The Doctoral Project

For the last ten years,  I have found myself at the intersection of youth education, development, environment, policy and governance. I call myself an interdisciplinary scholar as I have never been comfortable in one field of study. I started out in 2009 with a four-year Bachelors in Environmental Sciences which I thoroughly enjoyed because it was alongside multifarious educational, activism, and development work. In 2011-2013, I sort of took the first step to try and specialize in  the policy field. But as soon as I wrote my MPhil thesis, it was clear that, that direction was never the only one I would take. 
So I ended up accepting the offer for Oxford's DPhil in Geography and the Environment. For three years, my doctoral project brought together all my interest areas into one  ambitious research project on investigating the changing aspirations of educated youth in contemporary Africa. I started with something like 'Young elites, livelihoods and politics in Africa' but eventually submitted my thesis with the title 'Educated Youth in Kenya: Negotiating Waithood by Greening Livelihoods'. I am still wondering how I coined this title, but yes, it does work for my research interests and the interdisciplinary subjects I address. With this research, and with my title of a Geographer, several issues are of priority focus in the thesis and future research interests:- 
1. Youth, was my priority academic concern. I was interested in the agency of the young people in Africa who were finding it hard to transition into adulthood.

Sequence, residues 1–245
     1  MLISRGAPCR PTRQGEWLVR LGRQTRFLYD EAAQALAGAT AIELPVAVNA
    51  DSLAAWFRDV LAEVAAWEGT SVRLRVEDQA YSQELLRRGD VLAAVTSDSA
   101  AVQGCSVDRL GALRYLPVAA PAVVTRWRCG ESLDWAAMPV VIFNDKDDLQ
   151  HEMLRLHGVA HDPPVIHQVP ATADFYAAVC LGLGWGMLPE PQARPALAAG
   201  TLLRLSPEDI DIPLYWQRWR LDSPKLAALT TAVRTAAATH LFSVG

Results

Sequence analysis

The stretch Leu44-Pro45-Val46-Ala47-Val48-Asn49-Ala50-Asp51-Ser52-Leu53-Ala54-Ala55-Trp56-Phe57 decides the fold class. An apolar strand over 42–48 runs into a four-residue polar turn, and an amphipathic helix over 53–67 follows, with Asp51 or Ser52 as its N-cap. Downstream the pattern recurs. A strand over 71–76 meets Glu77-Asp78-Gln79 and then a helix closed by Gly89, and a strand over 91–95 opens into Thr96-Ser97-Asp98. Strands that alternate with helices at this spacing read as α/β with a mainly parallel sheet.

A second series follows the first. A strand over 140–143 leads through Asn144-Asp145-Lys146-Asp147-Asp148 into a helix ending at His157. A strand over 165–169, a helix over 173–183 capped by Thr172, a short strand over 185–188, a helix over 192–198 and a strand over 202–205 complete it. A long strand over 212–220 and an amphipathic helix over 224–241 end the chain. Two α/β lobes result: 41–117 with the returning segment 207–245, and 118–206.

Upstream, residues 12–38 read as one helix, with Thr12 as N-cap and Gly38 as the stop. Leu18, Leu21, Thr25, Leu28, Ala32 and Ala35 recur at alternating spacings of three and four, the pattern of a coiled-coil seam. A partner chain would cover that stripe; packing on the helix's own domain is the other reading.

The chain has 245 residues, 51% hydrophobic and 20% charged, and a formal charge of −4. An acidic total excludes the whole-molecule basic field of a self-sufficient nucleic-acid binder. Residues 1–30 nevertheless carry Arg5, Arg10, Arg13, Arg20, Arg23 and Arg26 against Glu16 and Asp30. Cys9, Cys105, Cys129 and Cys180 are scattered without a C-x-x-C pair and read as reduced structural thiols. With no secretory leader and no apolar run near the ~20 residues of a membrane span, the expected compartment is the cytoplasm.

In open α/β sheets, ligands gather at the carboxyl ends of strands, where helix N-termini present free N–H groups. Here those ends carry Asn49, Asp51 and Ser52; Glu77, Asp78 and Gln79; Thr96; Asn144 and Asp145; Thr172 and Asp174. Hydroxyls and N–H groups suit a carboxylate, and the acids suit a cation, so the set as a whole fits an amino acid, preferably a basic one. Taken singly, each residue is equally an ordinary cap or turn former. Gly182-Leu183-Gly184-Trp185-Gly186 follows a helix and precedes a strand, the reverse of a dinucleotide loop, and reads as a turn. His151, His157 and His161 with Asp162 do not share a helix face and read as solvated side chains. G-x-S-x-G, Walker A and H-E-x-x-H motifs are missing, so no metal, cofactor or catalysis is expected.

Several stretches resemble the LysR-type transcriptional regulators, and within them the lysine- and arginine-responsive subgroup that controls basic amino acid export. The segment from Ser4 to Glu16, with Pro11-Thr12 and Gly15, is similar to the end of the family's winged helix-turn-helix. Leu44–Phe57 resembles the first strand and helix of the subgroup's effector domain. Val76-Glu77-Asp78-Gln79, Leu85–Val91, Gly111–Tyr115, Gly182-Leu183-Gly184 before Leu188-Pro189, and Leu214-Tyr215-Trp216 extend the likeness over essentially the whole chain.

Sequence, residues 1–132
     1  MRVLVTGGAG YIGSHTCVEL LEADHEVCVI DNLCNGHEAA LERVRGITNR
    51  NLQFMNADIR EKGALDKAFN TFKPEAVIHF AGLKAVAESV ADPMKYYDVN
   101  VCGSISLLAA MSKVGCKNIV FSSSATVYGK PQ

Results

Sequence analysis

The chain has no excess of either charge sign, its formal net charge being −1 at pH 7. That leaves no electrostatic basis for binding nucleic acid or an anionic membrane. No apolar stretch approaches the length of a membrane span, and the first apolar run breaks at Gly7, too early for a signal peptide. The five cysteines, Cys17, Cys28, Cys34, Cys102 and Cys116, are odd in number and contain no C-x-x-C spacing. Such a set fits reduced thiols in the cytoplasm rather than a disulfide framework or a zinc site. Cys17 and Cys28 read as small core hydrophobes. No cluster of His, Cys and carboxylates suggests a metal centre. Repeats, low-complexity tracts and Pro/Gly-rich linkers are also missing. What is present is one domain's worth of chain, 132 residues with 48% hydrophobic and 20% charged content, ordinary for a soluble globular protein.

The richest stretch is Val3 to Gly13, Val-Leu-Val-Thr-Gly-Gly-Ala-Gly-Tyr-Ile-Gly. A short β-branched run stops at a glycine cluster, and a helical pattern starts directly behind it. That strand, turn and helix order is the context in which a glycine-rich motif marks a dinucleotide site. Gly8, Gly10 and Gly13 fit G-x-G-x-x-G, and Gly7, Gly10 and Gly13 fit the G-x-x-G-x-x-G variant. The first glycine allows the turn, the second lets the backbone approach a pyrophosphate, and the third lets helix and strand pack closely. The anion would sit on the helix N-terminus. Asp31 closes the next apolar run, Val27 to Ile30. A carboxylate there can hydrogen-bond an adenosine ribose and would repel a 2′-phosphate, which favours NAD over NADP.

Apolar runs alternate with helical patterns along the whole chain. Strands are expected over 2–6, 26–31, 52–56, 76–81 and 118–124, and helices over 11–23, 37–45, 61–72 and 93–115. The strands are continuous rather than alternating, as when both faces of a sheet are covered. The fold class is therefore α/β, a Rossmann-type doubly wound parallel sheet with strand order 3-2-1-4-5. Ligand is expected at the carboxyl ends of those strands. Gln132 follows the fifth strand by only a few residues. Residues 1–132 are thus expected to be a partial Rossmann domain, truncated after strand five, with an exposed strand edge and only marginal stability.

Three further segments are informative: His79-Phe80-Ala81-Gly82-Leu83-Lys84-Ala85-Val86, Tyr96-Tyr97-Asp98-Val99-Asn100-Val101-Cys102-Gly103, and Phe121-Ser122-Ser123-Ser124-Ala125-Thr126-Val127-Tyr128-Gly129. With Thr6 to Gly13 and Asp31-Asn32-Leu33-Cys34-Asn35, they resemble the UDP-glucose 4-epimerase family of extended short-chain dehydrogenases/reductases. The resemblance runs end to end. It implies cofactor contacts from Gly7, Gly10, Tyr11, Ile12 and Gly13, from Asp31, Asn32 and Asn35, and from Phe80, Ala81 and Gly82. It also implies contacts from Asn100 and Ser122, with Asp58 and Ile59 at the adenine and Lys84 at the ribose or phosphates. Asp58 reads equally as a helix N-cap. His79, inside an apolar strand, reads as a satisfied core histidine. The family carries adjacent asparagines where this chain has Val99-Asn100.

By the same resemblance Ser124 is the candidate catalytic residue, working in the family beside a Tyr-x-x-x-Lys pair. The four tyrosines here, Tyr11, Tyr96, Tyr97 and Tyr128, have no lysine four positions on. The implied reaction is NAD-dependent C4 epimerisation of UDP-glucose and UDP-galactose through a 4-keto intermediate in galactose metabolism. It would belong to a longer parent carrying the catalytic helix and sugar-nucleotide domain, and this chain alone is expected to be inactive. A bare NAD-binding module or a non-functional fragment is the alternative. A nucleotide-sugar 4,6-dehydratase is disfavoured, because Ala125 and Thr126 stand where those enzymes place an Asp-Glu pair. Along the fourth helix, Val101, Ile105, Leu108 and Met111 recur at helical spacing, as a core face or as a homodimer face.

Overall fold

2.Elites, because I research educated young people. The role of education in enlightenment, or the perceived benefits of education to society are of critical significance in understanding the role and contribution of education to young people, the over 40% of the continent's population.
3. Livelihoods, because I am more interested in the diversity of strategies that young people pursue to earn a living. Because youth-hood is now prolonged, young people have to fed themselves and opportunities to do so are all the more constrained. Because they have to support their families and still they are only found in marginal places. What multiple strategies are they employing to emerge with new identities in this contemporary society?
4. Politics, because it enabled me ask those deeper questions on the African society, the political economy, policies and governance in regions where I am researching. It is about who is represented by who and for what benefit/implications. Its about the politics of belonging and growing up in Africa. Its about the politics of earning a living and becoming a respectable and dependable individual in society. It's about the politics of governing Africa's resources where the majority of the inhabitants are actually marginalized.
5. Africa, because the significance to this research, is my interest to contribute to the future of development and governance of this continent through my research. I ask myself if my findings will fit in the politics of Africa development and governance. I ask if the voice of the young elites I am researching will be heard through this research. I ask if education will meet the aspirations of African youth in changing, liberalized and precarious economies. That's why this research is based on the African continent.

1 comment:

  1. Many thanks for the brilliant work, Dr Grace Gmwaura! We share many common interests in youth development, graduate (un)employment, politics and entrepreneurial narrative.